The model that we apply in this paper is an extension of equation (2), derived by incorporating the hypothesis that trade might create either positive or negative externalities that affect the trade cost factor. Thus distance, although important in determining trade patterns, would not be the only variable associated with the trade cost factor, as is usually the case.

A variety of arguments can be invoked to support the hypothesis that the volume of trade reduces the trade cost factor. Roberts and Tybout (1997) and Bernard and Wagner (1998) found that sunk costs play an important role in firms’ supply decisions and that prior export experience increases the probability that a firm will export more. Anderson (1999) stresses the role of group ties (or networks): more trade leads to more connections, which help decrease the average cost of trade. Also, in the presence of external pecuniary and technical economies, more trade might reduce trade costs. Thus extending these results to the country level has an intuitive appeal. Alternatively, infrastructure and institutional restrictions (bottlenecks), intrusive regulations, technical diseconomies, trade financing constraints, local bias, and special interest politics (vested interest groups) suggest that more trade leads to more friction, which in turn slows down further trade expansion.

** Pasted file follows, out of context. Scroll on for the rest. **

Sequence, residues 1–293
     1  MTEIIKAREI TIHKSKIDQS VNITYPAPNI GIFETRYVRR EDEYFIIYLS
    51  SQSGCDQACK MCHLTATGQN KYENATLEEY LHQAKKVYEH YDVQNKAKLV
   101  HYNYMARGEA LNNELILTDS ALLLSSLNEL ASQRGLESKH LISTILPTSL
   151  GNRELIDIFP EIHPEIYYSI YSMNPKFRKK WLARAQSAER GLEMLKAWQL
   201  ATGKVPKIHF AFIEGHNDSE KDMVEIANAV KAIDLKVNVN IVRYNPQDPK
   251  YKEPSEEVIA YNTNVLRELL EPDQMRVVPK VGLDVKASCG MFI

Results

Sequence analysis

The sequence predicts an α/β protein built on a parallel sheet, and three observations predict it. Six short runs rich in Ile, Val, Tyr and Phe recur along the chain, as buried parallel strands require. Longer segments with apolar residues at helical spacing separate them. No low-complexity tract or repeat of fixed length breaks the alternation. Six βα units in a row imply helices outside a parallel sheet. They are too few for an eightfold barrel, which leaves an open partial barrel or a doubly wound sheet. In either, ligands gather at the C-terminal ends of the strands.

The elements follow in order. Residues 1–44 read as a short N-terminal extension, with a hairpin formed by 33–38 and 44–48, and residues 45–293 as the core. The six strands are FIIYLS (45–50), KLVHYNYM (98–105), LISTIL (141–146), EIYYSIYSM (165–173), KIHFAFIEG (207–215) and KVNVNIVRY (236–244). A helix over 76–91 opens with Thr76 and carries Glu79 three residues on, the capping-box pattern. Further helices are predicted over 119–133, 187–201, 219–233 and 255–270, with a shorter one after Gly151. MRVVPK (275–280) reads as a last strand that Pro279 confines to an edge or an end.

Therefore we postulate that the trade cost factor between countries i and j increases with distance and may either increase or decrease with trade:

tij=dijβ/(1σ)Xijη/(1σ),(3)